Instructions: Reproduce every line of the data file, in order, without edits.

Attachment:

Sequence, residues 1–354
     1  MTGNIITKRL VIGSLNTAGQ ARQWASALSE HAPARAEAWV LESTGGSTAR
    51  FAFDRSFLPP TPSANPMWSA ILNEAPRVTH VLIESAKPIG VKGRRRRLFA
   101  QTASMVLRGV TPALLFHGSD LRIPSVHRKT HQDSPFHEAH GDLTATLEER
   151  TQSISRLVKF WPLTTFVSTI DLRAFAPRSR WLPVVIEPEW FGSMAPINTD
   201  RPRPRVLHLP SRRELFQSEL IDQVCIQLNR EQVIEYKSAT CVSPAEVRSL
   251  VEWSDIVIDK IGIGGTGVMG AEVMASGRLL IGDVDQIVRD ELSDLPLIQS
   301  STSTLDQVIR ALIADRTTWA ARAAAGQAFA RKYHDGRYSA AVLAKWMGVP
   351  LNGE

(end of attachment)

Sequence, residues 1–354
     1  MTGNIITKRL VIGSLNTAGQ ARQWASALSE HAPARAEAWV LESTGGSTAR
    51  FAFDRSFLPP TPSANPMWSA ILNEAPRVTH VLIESAKPIG VKGRRRRLFA
   101  QTASMVLRGV TPALLFHGSD LRIPSVHRKT HQDSPFHEAH GDLTATLEER
   151  TQSISRLVKF WPLTTFVSTI DLRAFAPRSR WLPVVIEPEW FGSMAPINTD
   201  RPRPRVLHLP SRRELFQSEL IDQVCIQLNR EQVIEYKSAT CVSPAEVRSL
   251  VEWSDIVIDK IGIGGTGVMG AEVMASGRLL IGDVDQIVRD ELSDLPLIQS
   301  STSTLDQVIR ALIADRTTWA ARAAAGQAFA RKYHDGRYSA AVLAKWMGVP
   351  LNGE